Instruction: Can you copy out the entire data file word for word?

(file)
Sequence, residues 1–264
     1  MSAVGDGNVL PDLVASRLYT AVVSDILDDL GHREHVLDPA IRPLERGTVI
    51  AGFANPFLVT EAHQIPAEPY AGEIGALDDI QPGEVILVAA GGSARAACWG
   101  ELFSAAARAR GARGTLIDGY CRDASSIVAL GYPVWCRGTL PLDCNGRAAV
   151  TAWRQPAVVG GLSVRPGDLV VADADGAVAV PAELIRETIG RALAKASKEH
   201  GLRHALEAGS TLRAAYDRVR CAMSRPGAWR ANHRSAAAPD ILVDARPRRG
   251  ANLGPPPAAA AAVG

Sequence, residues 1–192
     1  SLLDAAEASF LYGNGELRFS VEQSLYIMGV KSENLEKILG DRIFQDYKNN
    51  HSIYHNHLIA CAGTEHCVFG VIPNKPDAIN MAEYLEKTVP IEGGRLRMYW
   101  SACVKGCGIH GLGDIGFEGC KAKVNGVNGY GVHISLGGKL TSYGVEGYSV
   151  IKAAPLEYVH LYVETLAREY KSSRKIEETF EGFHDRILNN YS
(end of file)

Sequence, residues 1–264
     1  MSAVGDGNVL PDLVASRLYT AVVSDILDDL GHREHVLDPA IRPLERGTVI
    51  AGFANPFLVT EAHQIPAEPY AGEIGALDDI QPGEVILVAA GGSARAACWG
   101  ELFSAAARAR GARGTLIDGY CRDASSIVAL GYPVWCRGTL PLDCNGRAAV
   151  TAWRQPAVVG GLSVRPGDLV VADADGAVAV PAELIRETIG RALAKASKEH
   201  GLRHALEAGS TLRAAYDRVR CAMSRPGAWR ANHRSAAAPD ILVDARPRRG
   251  ANLGPPPAAA AAVG

Sequence, residues 1–192
     1  SLLDAAEASF LYGNGELRFS VEQSLYIMGV KSENLEKILG DRIFQDYKNN
    51  HSIYHNHLIA CAGTEHCVFG VIPNKPDAIN MAEYLEKTVP IEGGRLRMYW
   101  SACVKGCGIH GLGDIGFEGC KAKVNGVNGY GVHISLGGKL TSYGVEGYSV
   151  IKAAPLEYVH LYVETLAREY KSSRKIEETF EGFHDRILNN YS